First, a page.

First in a series: Language Arts
My husband recently “babysat” a friend’s nine year old while the latter participated in his online public school classes. My husband came home that evening and looked at me. “Have you listened to what goes on in those classes?” he asked.
Why, yes. And it vindicates my decision, lo these many years ago, to homeschool my children. Not all schools are the same and certainly teachers now are valiantly trying to impart education under trying circumstances.
Listening – or even more – helping students to complete their online assignments has clarified the differences between how I want to teach children and the “norm.” These thoughts are on education at the elementary school level.
What Happened to Literature?
Charlotte Mason had a word she used for poor quality reading material for children: twaddle. Children should read both for pleasure and information, but giving them twaddle to read does not promote a literate child. Reading is not only a source of pleasure and information. It is also how one acquires language, a sense of grammar and spelling, as well as an innate sense of poetry – the beauty of language both for the ideas it conveys and the manner in which the ideas are expressed. These are acquired as one reads. Reading twaddle encourages sloppy grammar and a childish sense of how to express oneself in the written word.
At Samson, third and fourth grade students as a group read books such as Rascal and My Side of the Mountain and have access to the free reading bookshelf containing books such as Little House on the Prairie, Alice in Wonderland, and Wind in the Willows. In addition to these and other classics, Caldecott award winners are another good source of children’s better literature.
What’s Going on with Writing?
I agree with Charlotte Mason that children must be taught to organize their thoughts through oral narration before being asked to express themselves through writing. I am especially frustrated by insistence that young children write in particular styles of composition: expository, persuasive, etc. Children under the age of 9 learn the mechanics of writing (and absorb grammar and spelling) through copywork: copying sayings, poems, or excerpts from literature. They learn to organize their thoughts by narrating to the teacher what they have read or heard the teacher (or other student) read to them.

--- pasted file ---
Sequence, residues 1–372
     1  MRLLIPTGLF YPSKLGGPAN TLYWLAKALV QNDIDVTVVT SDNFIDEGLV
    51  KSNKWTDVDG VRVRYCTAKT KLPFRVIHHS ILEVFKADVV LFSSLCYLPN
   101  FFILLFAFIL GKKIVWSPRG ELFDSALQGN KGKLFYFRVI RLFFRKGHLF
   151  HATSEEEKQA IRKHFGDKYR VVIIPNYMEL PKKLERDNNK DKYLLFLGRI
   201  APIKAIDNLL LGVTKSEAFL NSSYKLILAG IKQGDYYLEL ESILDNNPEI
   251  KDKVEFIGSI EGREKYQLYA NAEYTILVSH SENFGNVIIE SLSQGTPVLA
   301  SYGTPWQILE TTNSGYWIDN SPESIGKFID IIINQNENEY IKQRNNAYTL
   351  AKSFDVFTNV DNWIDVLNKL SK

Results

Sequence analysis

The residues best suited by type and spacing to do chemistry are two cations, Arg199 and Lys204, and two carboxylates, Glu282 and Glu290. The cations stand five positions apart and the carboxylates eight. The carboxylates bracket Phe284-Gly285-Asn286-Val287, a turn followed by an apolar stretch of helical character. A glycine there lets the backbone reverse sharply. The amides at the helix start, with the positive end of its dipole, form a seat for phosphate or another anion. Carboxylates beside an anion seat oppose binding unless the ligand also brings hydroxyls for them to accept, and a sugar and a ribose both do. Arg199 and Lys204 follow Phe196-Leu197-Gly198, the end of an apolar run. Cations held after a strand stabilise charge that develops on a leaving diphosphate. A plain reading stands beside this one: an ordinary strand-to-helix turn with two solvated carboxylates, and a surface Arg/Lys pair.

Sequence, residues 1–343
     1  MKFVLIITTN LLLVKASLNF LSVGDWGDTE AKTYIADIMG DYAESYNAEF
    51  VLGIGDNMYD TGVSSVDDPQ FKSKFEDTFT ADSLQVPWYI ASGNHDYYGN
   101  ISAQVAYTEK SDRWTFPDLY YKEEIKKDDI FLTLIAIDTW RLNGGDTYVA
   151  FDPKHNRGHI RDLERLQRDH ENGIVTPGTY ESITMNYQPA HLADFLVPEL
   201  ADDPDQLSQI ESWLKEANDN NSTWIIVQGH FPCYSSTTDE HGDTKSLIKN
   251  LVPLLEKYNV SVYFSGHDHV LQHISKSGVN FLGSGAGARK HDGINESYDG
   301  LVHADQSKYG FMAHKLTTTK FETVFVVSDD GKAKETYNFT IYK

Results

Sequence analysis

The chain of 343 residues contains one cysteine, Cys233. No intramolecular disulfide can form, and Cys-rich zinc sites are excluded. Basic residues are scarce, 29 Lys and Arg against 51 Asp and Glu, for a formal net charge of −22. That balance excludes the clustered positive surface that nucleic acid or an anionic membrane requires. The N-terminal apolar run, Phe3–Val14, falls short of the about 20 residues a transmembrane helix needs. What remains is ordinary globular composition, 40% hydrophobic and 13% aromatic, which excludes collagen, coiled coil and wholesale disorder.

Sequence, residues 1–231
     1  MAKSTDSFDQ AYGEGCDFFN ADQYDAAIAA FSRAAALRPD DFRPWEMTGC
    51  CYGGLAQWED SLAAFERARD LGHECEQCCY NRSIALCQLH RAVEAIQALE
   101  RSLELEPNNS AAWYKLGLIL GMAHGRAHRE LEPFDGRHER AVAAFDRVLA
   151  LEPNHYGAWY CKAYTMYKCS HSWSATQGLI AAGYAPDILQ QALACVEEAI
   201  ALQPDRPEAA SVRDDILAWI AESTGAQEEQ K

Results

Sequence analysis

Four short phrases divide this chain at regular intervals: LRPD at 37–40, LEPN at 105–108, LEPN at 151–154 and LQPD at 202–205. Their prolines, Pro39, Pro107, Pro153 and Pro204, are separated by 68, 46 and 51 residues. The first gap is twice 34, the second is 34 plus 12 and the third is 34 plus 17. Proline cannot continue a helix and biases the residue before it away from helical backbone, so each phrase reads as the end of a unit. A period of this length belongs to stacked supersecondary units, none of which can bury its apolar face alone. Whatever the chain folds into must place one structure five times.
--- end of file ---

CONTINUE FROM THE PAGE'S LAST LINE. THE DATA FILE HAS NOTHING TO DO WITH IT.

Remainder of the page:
Starting at about age 10, children use written narration to narrate back to the teacher the same kinds of information. In this way, writing (composition) is not a separate subject in itself, but integrated with other subjects such as history or literature. Styles of writing (expository, etc.) are introduced at the middle school or even high school level, not elementary school.
|A Side Note About Fine Motor Coordination In addition to handwriting skills such as printing and cursive, I also teach handicraft skills such as weaving, knitting, and playing the recorder. Particularly for boys, I see a correlation between a reluctance to write and difficulty forming letters. Activities such as these are a useful – and fun! – adjunct to copywork and Handwriting Without Tears workbooks to strengthen hand muscles and develop fine motor control.|
What Happened to Grammar?
All this talk about “naturally absorbing” language is not to say we do not study the rules of sentence construction, also known as grammar. However, at the lower elementary levels grammar is not presented in separate lessons but part of copywork and reading. Starting at third grade, students have (short) formal grammar lessons three times a week using The Well-Trained Mind worksheets. Students are taught the parts of speech and are introduced to sentence diagramming. An understanding of grammar produces clear writing and a foundation for the study of foreign languages.
What Happened to Spelling?
Granted my experience is limited to just two schools, but I have yet to see spelling taught in any of the online classes I observe. In my pod school, we do daily exercises in sight words AND daily worksheets on spelling words of the week. Our sight word exercises – writing in the air, visualizing the word in our minds, writing in the palm of our hand, spelling out loud – not only address different types of learning, but serve as models for retaining information which will prove useful in upper grades and higher education. For workbooks, we use Spelling Workout, which is phonics-based. Upper levels focus on vocabulary and word origins. (Starting in the 4th grade, students also complete Vocabulary from Classical Roots workbooks.)
A Firm Foundation
Education at the elementary level should provide a firm foundation for more advanced material. Children who do not get a solid grounding in basic language skills will have difficulty in upper level instruction. While many children do well in public schools, those who need extra time – or more accelerated work – will benefit from the individual attention afforded by home education or a pod school. These kinds of environments also give us the opportunity to consider how the material should be taught. Material and mechanisms chosen for logistical, or political, reasons in a setting of 25 children or more do not necessarily apply in the micro-sized classroom. For parents to have true freedom of choice, they must be aware of their options. The above describes other, time-tested, methods of education.